In my 20th book, a novel entitled Childless, I tell the story about a childless child psychologist who tries to foil a U.S government plot to declare childhood as a medical disorder and then eliminate it from the human genome. The novel is a darkly comedic satire about something very serious that is going on in American culture: the physical, sexual, emotional, and verbal abuse of children, and the encroachment of adult values, attitudes, and behaviors onto the institution of childhood. The very things that make children so heartwarming and special–their curiosity, creativity, playfulness, imagination, wonder, inventiveness, and humor (traits that have been refined over a million years of evolution and natural selection)–are under assault from all sides (see my page on The Natural Genius of Children). Here are 14 indicators of how this is happening in America today:
- Child abuse and neglect are a common occurrence in American life. The Centers for Disease Control and Prevention report that one out of seven children have experienced child abuse or neglect in the past year in the United States. This is likely an underestimate because many cases are unreported.
- Young children are being exposed to adult content (including sexual situations, foul language, and violence) through streaming videos, video games, television, social media, and other forms of mass media. In one survey, 50% of participants reported being exposed to sexual media by eighth grade, and research suggested that sexually explicit media exposure predicted early sexual debut, unsafe sex, and multiple sexual partners.
- Children (and especially girls) are increasingly being sexualized through magazine advertisements, beauty pageants, toys and dolls, clothing, and other cultural manifestations. A study in the academic journal Body Image, suggested that sexualized messages appear to be internalized by very young girls which, in turn, has negative implications for how they feel about their bodies.
- Kindergarten and preschool students are engaged in first and second grade tasks with more academics and less time to play. One study, for example found that in 1998, 31 percent of teachers believed their students should learn to read during the kindergarten year. That figure jumped to 80 percent by 2010. In 2010, 73 percent of kindergartners took some kind of standardized test. One-third took tests at least once a month. In 1998, they didn’t even ask kindergarten teachers that question [italics mine]. But even the first-grade teachers in 1998 reported giving far fewer tests than the kindergarten teachers did in 2010.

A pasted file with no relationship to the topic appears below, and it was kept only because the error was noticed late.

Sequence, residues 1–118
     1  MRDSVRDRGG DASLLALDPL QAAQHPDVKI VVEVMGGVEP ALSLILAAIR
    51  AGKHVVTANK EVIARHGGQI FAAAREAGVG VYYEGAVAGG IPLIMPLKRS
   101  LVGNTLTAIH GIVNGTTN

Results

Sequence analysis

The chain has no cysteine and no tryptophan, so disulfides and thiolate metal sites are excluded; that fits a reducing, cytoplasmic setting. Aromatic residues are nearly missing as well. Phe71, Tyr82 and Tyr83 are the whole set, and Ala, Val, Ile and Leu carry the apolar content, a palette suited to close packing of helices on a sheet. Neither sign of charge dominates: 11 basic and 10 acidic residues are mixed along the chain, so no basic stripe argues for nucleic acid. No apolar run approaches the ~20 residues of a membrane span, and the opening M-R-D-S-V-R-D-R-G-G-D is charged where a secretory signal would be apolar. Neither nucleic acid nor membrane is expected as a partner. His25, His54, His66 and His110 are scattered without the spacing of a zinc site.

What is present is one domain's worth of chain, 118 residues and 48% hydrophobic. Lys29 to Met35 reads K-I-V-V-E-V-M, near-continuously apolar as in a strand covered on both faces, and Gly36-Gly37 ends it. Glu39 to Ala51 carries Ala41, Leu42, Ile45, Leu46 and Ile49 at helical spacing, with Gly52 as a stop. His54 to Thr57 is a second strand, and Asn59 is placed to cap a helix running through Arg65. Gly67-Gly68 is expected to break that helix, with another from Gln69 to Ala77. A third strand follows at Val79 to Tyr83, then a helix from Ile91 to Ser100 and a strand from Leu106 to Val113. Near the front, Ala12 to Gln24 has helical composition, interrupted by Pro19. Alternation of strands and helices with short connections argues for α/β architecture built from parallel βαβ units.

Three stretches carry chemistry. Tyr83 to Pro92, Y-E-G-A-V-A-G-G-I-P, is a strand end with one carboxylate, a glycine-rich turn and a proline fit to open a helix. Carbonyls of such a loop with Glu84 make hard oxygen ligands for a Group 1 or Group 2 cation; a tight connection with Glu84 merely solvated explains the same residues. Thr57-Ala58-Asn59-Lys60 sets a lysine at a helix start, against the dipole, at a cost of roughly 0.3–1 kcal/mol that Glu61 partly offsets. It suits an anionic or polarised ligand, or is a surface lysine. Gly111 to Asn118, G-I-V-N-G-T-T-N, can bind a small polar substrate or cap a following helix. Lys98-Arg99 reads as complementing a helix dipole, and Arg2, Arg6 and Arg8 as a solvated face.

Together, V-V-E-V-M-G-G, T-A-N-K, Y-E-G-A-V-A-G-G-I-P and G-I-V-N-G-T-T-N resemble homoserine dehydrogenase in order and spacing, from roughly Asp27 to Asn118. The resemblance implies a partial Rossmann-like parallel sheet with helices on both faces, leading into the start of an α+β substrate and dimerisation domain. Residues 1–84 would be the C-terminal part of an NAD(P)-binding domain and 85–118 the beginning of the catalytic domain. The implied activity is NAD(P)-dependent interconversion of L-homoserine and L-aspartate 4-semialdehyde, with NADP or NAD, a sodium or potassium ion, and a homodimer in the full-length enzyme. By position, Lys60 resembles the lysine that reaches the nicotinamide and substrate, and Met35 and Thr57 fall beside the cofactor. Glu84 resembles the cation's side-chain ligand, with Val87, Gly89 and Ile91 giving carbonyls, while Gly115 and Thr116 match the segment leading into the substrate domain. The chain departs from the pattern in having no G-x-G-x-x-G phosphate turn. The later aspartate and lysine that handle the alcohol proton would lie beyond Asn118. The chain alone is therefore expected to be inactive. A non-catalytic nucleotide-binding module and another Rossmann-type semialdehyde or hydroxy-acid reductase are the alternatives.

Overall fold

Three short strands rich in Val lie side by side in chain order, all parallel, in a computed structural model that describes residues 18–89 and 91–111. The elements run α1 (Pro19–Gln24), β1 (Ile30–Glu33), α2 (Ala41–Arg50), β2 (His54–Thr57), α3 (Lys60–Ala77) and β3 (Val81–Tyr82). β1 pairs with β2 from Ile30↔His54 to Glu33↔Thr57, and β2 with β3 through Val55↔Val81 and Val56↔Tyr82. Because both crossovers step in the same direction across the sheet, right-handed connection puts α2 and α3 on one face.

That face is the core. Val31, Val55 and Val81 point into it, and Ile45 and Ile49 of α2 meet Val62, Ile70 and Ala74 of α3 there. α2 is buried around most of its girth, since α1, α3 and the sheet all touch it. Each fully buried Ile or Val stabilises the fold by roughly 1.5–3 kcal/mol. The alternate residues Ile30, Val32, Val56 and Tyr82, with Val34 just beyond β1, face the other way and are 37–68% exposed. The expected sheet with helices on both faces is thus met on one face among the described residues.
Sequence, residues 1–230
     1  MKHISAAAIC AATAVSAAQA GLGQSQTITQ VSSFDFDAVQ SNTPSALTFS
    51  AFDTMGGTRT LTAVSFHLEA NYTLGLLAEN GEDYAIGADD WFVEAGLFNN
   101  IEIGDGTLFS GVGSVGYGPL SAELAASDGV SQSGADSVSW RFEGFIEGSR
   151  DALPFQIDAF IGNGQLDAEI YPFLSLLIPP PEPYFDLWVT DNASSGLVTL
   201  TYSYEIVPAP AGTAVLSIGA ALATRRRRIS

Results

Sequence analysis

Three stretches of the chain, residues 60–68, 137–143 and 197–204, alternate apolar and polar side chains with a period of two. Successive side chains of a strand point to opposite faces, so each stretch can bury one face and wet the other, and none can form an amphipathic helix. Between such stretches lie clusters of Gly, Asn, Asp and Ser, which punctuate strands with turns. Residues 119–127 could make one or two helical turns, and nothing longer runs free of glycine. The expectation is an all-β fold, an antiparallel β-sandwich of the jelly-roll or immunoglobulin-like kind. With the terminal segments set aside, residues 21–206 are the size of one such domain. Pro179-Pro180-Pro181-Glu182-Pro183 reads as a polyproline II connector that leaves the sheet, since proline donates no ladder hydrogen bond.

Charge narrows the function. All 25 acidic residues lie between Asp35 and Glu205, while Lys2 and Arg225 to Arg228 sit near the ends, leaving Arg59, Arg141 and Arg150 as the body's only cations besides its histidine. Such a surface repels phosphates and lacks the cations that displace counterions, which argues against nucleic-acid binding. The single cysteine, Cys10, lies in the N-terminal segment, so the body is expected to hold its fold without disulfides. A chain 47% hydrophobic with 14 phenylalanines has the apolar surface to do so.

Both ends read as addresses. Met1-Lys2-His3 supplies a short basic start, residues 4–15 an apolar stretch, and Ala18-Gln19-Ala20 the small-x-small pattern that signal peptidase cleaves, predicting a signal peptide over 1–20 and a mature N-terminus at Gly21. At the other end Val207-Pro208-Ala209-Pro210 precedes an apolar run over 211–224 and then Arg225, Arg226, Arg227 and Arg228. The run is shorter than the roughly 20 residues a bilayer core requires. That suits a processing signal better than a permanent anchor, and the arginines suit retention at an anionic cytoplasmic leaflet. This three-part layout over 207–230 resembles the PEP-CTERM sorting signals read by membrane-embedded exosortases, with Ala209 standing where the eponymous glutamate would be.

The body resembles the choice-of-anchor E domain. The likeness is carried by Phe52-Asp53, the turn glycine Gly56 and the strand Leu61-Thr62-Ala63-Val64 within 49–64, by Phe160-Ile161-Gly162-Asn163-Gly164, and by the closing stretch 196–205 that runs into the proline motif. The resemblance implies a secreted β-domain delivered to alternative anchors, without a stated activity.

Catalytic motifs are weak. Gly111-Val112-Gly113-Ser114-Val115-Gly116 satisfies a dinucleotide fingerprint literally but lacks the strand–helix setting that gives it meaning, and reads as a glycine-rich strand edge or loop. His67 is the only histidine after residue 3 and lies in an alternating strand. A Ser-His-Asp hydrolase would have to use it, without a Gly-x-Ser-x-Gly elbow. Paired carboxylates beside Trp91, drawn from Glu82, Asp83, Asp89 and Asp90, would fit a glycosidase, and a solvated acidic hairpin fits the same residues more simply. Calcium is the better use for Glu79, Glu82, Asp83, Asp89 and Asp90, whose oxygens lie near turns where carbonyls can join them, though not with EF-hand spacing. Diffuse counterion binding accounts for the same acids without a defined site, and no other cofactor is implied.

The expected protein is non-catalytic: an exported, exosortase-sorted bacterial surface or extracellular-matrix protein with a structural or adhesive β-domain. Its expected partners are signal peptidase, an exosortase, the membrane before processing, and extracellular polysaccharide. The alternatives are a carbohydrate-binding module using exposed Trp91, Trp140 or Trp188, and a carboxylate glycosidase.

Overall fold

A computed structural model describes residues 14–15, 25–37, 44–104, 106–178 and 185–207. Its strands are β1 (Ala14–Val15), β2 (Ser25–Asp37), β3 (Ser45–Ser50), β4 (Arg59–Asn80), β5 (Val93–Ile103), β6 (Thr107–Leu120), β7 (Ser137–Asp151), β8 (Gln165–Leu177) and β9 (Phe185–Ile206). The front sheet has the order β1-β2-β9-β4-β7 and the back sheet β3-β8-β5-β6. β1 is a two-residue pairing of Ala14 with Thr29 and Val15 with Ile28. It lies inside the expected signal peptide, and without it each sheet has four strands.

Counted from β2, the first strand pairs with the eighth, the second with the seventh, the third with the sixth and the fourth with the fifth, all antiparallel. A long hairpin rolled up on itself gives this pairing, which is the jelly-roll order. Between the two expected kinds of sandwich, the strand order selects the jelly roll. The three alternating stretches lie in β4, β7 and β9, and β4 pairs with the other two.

- The U.S. government fails to support child care and child assistance programs that benefit families and help children reach appropriate developmental goals. A 2021 report from the U.S. Treasury, reported that parents are asked to pay for child care when they can least afford it and with little ability to borrow against their future savings to cover the costs of care for young children. Federal funding to help support families (especially those in poverty) is unlikely to happen soon. Lawmakers in Washington cut early childhood funding from a major federal spending proposal that passed the Senate in August, 2022.
- Children are working illegally as laborers in adult jobs. According to a 2010 petition by Human Rights Watch ”hundreds of thousands of children are employed as farm workers in the United States, often working 10 or more hours a day. They are often exposed to dangerous pesticides, experience high rates of injury, and suffer fatalities at five times the rate of other working youth.” The shortage of labor inspections means that many cases of illegal child labor are not reported let alone mitigated. Illegal child labor practices in other industries have also been reported.
- The record of maternal care and rate of maternal mortality in the United States is dismal. The U.S. ranks 46th in the world in the rate of maternal mortality despite spending more than two and a half times on health than the average among OECD countries. And that’s just the tip of the iceberg. According to the U.S. Department of Health and Human Services’ Health Resources and Services Administration, for every maternal death, there are 75 to 100 more women who suffer a life-threatening complication during pregnancy or childbirth. Poor maternity outcomes lead to low birth weight babies, babies with birth defects, and children who are at a significant disadvantage compared with other kids before they’re barely out of the starting gate.